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Student-Life, Culture, Counseling-Services

How to promote civility & respect in difficult conversations

May 31, 2024
Two people having a civil conversation

Be civil to all; serviceable to many; familiar with few; friend to one; enemy to none.

- Benjamin Franklin

Let's face it, talking to someone you disagree with can be tough. We all want to hold space for our own thoughts and opinions, but it's also important to respect other viewpoints. The good news? There are civil and respectful ways to navigate these conversations productively!

The keys to civil dialogue:

  1. Lead with kindness: Approach people and situations with empathy and a willingness to understand.
  2. Be the change: Model the behavior and communication you want to receive. If you don’t like yelling, don’t yell. If you don’t like being patronized, don’t patronize.
  3. Choose your battles: Consider carefully when and where speaking up is truly necessary and the best course of action.
  4. Respectful disagreement: It's okay to disagree! You can maintain your personal beliefs while accepting that disagreement and conflict will exist.
  5. Active listening: Listen respectfully without interruption. Focus on understanding their perspective.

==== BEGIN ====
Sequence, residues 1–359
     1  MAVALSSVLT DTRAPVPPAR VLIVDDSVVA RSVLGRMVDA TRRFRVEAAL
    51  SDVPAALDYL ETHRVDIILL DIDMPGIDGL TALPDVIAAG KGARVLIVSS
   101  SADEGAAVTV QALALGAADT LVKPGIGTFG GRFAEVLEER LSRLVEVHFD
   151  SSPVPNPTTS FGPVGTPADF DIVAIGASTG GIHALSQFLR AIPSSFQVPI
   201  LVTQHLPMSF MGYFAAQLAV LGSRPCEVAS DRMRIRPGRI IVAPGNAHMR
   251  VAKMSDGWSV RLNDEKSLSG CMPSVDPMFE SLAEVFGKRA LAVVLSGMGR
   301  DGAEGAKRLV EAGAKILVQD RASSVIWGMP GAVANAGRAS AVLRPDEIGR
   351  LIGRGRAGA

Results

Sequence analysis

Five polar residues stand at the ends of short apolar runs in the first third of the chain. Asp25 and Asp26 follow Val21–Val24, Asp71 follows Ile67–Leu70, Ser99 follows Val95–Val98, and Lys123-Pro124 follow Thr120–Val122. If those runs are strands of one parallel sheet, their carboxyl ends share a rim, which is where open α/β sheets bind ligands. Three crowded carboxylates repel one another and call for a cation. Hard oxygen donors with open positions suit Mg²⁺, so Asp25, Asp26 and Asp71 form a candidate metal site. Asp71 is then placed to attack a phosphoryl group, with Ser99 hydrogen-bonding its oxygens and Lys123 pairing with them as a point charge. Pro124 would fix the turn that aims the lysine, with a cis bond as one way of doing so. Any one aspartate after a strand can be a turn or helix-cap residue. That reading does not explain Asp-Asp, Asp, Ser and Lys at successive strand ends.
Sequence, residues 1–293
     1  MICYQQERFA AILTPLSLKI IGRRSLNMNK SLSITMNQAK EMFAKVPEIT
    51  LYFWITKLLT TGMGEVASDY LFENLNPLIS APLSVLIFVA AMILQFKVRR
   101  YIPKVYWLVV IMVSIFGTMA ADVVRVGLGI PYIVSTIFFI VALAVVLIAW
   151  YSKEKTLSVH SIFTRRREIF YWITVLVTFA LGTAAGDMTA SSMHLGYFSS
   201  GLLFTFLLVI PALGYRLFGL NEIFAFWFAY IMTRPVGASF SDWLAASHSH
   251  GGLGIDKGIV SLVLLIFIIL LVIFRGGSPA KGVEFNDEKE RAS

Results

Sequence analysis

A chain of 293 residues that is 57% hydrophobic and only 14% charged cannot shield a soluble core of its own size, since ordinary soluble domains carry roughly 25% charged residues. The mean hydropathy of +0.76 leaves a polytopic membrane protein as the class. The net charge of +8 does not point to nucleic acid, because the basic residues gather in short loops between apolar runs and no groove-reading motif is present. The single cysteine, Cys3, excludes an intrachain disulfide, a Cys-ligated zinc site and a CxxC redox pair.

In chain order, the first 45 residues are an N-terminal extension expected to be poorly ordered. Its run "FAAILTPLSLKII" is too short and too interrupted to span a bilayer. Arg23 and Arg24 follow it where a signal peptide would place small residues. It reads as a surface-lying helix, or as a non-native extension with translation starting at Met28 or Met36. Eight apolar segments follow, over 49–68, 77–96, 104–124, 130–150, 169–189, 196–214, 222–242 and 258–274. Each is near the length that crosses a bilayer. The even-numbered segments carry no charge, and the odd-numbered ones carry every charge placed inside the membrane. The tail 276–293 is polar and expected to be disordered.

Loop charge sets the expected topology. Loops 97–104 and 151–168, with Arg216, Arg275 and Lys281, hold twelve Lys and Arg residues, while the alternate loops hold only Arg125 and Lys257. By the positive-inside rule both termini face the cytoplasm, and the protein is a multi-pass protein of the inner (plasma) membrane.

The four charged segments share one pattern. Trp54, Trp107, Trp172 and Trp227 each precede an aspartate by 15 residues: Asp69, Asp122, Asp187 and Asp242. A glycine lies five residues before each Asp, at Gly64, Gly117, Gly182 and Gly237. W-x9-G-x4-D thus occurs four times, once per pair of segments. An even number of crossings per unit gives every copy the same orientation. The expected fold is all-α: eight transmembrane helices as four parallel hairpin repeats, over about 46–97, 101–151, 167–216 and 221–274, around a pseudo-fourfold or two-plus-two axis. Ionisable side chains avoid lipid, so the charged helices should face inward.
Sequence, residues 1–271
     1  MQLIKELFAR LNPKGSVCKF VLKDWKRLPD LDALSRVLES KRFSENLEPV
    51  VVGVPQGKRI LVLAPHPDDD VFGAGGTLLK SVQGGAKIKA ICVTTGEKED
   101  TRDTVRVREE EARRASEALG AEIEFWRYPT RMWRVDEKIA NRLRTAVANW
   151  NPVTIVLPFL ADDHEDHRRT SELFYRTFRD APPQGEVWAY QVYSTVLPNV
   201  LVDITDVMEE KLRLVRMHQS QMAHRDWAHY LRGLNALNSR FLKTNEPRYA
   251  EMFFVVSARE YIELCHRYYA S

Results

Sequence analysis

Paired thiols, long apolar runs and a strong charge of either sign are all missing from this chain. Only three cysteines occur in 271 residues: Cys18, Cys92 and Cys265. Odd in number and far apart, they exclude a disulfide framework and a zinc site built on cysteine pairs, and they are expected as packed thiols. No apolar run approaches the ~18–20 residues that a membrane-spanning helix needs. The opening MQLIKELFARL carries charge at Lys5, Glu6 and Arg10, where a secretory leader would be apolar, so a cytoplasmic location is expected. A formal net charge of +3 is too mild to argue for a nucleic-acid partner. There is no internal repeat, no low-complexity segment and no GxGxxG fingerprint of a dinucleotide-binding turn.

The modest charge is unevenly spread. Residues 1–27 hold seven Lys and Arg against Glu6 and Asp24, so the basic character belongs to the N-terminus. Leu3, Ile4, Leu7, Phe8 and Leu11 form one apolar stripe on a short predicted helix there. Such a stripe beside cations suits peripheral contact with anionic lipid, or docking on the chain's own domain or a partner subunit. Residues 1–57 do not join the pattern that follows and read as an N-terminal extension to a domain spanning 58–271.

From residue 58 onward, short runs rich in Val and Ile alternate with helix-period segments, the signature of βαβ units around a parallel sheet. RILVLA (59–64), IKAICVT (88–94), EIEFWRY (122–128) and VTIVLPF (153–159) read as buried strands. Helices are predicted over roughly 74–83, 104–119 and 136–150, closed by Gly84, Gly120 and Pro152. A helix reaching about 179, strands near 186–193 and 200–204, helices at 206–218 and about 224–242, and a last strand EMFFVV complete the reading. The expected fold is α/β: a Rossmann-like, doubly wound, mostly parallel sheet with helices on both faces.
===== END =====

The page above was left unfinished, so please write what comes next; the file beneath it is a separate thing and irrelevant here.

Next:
6. Focus on ideas, not people: Discuss the issue and avoid making personal attacks.
  7. Intelligence isn't always agreement: Do not associate agreement or disagreement with intelligence. A disagreement doesn't make someone less intelligent.
  8. Manage your emotions: Whatever view you feel strongly about, another person may feel just as strongly against. Although high emotion is not necessarily the mark of incivility, remember that it may cause a conversation to escalate in unproductive ways.
  9. Mind your tone: Your tone and volume matter. Speak calmly and avoid raising your voice. Text and social media are tricky for conveying tone, so consider having difficult conversations in person or over the phone.
  10. Mind your manners: Sarcasm, name-calling, and insults shut down conversations. Politeness and respectful communication open doors.
  11. Facts over assumptions: Rely on evidence, not speculation.
  12. Seek understanding: Explore context from different backgrounds and cultures. This can increase your insight and compassion.
  13. Focus on solutions: Adopt a positive and solution-driven approach to resolving conflicts. Sometimes the resolution isn’t agreement, it is understanding.
  14. Celebrate differences: Recognize the value that others’ contributions bring to the table.

Hard conversations, disagreements, debates, and even spiritual discourse can all present challenges. However, with a commitment to civility and respect, we are more likely to find solutions, resolutions, acceptance, and understanding.

If you’re struggling to have a hard conversation or avoiding topics that might cause conflict, reach out to the CTX Counseling Center for more strategies and support at counseling@concordia.edu.